Shortly after the Nazi Anschluss in 1938, Erich Lederer, scion of one of Austria’s wealthiest families, fled for his life to Switzerland. He left behind a major art collection, the better part of which was seized by the Nazis. When World War II was over, Lederer bartered with the Austrian government for the return of his collection, “donating” some works to state museums in order to get export permits for others. Twelve of the family’s Gustav Klimt paintings had been destroyed during the war, and the Austrians would not allow Lederer to export the one that remained: the monumental Beethoven Frieze. Throughout the 1950s and ‘60s, the government systematically used the export ban to try to force Lederer to give them the Klimt. In the early 1970s, under Chancellor Bruno Kreisky, the Austrians changed tactics and began negotiating with Lederer. The work was finally purchased in 1972, for 15 million schillings (approximately $500,000). Today the Beethoven Frieze is housed in the Vienna Secession, where it is a major tourist attraction and source of income. If sold on the open market, the Frieze could fetch over $150 million.
In 1998, the Austrian parliament passed a historic resolution mandating the restitution of artworks in state collections donated by Holocaust émigrés as the result of an export ban. In 2009, this resolution was expanded to cover cases in which the owner had been financially compensated. According to the 2009 amendment, all that is required for restitution is a “close connection” between a sale and the seller’s inability to obtain an export license. In 2013, Erich Lederer’s heirs filed a claim for restitution of the Beethoven Frieze.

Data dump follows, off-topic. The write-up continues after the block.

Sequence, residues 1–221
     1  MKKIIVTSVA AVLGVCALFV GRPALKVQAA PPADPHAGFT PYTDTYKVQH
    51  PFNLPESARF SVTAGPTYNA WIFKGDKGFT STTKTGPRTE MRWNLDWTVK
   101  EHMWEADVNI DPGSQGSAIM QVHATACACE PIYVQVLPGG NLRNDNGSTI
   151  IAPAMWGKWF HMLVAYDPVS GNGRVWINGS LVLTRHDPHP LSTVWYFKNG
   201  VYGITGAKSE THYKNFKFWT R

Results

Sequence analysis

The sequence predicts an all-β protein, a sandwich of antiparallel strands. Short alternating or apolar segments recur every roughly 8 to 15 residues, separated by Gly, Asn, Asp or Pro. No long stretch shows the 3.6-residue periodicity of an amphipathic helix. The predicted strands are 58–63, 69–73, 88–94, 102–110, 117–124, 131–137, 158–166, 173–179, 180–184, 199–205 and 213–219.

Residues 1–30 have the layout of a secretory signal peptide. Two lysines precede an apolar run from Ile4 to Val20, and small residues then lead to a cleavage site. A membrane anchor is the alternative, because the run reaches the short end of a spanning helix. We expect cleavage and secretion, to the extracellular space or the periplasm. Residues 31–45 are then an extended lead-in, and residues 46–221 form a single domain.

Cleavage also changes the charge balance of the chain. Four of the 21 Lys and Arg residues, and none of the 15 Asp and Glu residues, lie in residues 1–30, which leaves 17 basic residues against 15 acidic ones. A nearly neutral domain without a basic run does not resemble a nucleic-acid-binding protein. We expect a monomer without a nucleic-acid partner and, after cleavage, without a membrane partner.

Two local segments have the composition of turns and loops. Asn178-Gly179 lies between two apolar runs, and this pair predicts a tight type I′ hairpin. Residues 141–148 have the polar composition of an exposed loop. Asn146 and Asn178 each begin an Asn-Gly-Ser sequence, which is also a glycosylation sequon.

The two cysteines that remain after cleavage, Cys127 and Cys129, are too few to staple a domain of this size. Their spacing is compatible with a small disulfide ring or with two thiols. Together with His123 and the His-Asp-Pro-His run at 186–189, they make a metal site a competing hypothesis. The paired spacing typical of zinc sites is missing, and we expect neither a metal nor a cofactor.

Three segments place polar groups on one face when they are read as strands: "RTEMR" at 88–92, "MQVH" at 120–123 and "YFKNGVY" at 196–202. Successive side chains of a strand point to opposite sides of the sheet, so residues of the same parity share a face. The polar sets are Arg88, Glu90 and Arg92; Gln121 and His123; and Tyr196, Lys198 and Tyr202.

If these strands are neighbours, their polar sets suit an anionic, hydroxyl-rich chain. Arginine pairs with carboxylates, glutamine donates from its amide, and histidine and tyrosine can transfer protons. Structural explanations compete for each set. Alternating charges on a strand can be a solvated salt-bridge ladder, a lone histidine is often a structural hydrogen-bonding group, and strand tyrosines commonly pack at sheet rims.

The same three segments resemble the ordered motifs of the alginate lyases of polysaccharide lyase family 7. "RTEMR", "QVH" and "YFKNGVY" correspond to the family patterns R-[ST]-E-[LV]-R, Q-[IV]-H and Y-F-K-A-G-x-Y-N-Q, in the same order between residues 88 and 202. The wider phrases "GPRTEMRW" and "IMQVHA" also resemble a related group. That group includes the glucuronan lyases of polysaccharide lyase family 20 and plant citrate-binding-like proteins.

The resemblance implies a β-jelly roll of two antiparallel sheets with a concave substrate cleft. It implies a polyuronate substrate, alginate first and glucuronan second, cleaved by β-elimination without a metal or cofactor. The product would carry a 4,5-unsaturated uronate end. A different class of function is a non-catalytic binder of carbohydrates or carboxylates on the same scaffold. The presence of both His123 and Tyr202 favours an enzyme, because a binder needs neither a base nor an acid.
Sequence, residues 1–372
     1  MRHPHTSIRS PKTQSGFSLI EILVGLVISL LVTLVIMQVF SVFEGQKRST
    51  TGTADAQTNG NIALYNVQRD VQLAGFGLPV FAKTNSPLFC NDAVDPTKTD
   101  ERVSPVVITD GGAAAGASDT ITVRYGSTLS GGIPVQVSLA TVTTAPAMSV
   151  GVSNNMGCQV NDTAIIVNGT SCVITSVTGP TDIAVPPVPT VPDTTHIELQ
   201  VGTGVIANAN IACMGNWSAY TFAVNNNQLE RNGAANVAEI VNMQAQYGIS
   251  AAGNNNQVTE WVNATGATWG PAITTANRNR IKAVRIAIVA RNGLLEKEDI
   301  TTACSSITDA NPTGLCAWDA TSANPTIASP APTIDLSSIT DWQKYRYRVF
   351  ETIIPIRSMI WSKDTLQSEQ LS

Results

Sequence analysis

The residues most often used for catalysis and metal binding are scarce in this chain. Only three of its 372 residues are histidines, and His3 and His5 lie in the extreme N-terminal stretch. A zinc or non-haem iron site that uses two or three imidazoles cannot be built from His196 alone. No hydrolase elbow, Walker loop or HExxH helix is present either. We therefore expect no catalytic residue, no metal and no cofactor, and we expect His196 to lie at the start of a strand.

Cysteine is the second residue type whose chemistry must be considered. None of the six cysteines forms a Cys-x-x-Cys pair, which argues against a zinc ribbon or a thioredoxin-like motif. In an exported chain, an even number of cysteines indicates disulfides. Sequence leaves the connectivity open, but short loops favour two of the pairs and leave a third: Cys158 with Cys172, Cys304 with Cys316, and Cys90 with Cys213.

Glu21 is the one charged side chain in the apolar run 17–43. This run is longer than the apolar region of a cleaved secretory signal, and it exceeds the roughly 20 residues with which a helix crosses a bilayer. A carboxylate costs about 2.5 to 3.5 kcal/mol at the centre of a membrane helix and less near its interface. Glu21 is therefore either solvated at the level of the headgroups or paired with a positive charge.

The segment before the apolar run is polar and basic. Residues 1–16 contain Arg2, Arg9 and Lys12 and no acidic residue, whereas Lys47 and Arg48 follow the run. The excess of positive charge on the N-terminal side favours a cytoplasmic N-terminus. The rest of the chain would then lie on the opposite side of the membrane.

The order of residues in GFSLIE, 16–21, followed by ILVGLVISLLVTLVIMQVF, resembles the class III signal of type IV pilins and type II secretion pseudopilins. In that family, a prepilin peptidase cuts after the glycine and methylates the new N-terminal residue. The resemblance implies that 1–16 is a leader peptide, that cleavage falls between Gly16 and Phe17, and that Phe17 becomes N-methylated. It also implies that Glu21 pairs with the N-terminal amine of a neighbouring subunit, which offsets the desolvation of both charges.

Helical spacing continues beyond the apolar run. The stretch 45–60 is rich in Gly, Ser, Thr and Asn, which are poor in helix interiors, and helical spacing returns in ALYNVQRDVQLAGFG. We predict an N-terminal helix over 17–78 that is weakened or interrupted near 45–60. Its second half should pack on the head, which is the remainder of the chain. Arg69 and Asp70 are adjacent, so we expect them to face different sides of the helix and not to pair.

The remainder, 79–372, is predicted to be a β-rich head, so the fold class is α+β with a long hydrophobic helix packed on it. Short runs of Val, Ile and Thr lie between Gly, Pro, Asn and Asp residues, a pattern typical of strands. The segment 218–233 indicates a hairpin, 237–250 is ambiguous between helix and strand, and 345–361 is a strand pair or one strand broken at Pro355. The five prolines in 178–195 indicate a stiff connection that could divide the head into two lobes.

Austria’s 1998 and 2009 restitution resolutions are commonly referred to as “laws,” but in fact they are not laws in the usual sense of that word. Rather, Austria has established an extrajudicial procedure in which claims are reviewed by a specially appointed commission, behind closed doors, and judgments made on a “moral” basis. The two resolutions provide no guidelines or indeed possibility for compromise. Judgments are absolute: the art either stays in the museum’s collection, or it goes to the claimant(s).
On March 6, Austria’s restitution commission will meet to decide the fate of the Beethoven Frieze. Many Austrians—including prominent members of the Jewish community—have vociferously opposed restitution. They contend that restitution is not morally justified because Erich Lederer was satisfied with the sale, because the amount paid was appropriate, because Lederer’s heirs are not Jewish, because the Frieze is too fragile to transport…
But none of these factors has any relevance under the 2009 resolution. The only question is whether Erich Lederer, in making his decision to sell the Frieze to Austria in 1972, acted completely of his own free will or felt coerced by his protracted prior dealings with the government. Although these dealings are well documented, it is not possible to read the mind of a dead man. Like many recent restitution cases, the Beethoven Frieze claim hinges on interpretive nuances that are ill-suited to the sort of “all-or-nothing” solutions envisaged by the 1998 mandate. Under such circumstances, the idea of the Austrian government passing moral judgment on claims and claimants introduces an element of subjectivity that runs counter to the principles of justice.
Virtually no one wants to see the Beethoven Frieze leave Austria. The time has come for the Austrian government to abandon the rigid approach that it has followed since 1998; to sit down with the various interested parties and negotiate a compromise solution that keeps the Frieze in Austria, while addressing the injustices that were done to the Lederer family during and after World War II.